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Orthopaedic Board Certification Physical Therapy

Eric Jorde, a colleague, and I were talking the other day about the rise of students that come to us for internships who are considering Residency Programs now.  When I graduated just 6 years ago, continuing on to a residency program after graduating was not a consideration at all!

With that said, both he, I and David Love (we work together), all challenged the Residency Program.  I am sure many of you readers did the exact same thing. What this means is that we took the OCS Examination without participating in a residency program.

The APTA highly advocates completing a residency program.  One benefit of the program is that upon completion, it allows the clinician to sit for the next ABPTS specialist exam (I am using OCS for this post but it also includes neurology, women’s health, pediatrics, sports, etc.).

I always strive to give my interns the “clinical education without the residency price” during their entry-level program so they do not have to participate in a residency program post-graduation (mainly for the clinical knowledge and beginning stages of clinical reasoning).  I really do think that the specialist exam can be challenged by all if they have a superior work ethic and self-motivation.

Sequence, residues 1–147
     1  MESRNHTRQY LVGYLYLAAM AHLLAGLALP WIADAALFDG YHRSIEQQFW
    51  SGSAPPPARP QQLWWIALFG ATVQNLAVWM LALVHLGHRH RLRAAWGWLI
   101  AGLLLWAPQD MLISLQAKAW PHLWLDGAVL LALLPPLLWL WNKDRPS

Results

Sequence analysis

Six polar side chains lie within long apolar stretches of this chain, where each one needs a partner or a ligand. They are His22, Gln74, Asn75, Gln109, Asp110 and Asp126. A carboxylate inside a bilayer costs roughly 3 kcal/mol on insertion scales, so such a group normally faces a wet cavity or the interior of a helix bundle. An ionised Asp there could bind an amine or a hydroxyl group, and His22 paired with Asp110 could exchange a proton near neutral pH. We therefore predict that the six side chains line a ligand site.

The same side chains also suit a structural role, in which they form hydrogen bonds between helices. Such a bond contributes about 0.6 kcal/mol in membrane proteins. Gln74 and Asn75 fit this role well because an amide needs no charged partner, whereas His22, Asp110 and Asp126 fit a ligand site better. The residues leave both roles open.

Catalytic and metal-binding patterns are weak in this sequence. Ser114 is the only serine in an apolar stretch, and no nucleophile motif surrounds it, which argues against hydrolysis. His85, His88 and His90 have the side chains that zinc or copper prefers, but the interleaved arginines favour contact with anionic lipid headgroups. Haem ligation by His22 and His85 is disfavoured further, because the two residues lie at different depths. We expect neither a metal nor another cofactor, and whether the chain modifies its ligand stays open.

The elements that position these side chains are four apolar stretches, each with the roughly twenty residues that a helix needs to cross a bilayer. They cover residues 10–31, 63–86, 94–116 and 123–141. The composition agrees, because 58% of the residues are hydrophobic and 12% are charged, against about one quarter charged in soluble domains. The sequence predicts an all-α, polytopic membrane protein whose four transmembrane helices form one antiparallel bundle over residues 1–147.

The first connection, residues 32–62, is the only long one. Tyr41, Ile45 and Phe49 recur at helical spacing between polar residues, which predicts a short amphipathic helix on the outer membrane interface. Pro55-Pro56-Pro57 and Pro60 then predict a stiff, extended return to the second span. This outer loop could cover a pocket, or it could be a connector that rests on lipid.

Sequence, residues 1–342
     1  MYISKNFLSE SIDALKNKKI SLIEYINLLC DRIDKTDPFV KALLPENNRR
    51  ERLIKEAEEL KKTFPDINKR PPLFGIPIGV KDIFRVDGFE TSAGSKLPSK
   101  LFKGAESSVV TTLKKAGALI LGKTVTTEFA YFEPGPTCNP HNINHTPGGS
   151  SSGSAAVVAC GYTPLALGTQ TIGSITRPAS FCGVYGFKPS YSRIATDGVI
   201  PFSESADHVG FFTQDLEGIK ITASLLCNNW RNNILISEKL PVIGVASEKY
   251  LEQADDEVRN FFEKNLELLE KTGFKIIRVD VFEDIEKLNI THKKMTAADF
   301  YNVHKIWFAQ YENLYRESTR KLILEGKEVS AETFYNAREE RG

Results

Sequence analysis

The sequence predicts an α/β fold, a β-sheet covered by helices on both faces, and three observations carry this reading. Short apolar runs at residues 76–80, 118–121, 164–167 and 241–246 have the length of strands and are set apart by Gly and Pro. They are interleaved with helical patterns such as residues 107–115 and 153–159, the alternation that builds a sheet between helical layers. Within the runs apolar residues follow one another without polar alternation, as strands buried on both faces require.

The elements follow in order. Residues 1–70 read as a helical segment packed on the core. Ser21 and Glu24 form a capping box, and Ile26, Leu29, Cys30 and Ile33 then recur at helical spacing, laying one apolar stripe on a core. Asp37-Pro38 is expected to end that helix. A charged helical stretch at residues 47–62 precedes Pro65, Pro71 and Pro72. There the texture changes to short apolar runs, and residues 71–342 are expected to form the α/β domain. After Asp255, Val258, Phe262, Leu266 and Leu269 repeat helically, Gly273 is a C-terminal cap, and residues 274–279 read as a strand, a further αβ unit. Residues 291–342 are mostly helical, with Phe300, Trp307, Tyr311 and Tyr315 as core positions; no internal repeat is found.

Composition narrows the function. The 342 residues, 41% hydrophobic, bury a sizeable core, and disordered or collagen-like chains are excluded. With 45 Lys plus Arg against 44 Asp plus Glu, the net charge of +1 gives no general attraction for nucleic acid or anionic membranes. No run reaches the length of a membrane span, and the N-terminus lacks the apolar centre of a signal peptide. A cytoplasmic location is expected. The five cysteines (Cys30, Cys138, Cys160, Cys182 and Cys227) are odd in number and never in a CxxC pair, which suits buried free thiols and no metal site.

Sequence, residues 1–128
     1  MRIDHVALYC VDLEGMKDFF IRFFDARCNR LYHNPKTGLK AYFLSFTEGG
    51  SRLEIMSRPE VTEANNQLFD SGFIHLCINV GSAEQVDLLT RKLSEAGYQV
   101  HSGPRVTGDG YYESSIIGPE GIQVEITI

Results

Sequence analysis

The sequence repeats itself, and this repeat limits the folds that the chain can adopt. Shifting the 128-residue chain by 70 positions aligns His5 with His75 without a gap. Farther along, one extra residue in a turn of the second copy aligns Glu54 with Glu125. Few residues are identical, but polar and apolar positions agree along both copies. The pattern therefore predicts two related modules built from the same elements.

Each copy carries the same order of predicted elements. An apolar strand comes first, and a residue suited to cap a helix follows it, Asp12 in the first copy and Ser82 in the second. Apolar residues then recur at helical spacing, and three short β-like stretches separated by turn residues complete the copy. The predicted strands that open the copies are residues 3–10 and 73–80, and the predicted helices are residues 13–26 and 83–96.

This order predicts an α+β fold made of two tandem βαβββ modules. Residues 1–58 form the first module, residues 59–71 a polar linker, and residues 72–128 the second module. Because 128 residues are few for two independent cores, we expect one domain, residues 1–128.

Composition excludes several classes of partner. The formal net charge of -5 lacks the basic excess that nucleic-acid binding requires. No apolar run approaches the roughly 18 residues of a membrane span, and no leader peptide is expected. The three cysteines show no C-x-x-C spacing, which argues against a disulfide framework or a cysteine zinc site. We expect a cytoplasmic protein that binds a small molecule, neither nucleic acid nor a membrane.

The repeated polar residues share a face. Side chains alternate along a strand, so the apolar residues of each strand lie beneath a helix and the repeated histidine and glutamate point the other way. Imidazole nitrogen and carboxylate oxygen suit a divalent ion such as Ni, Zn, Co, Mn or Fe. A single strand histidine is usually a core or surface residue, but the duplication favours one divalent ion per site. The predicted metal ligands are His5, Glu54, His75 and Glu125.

The question remains: with the growth in residency programs and push towards post-graduate education, in the future, will the APTA prohibit PTs from challenging the specialist exam in order to push students towards residency??

 

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4 comments

  1. Hi Harrison,

    I am also someone who took and passed the OCS exam without a residency. I believe that if you are motivated and study you will be able to pass on your own. However, everyone is different and I could see the appeal of a residency. It just wasn’t for me. Keep up the good work.

    1. Hey Josh, thanks for your response. I agree with you…doubtful I would have done it if I had to complete a residency…

  2. I agree! As a new grad, I don’t think I could bear having to do a residency after 7 straight years of school. I don’t want to have to commit myself to another program to have the right for sit for a specialty exam – I much prefer the freedom to take courses of my choosing to round out my abilities, and to use the guidance and experience of the clinicians I work with.

    1. Katy,
      Thanks for the comment! I agree with you and I would imagine most other PTs, other than ones who gain financial benefit from residencies.

      Hv

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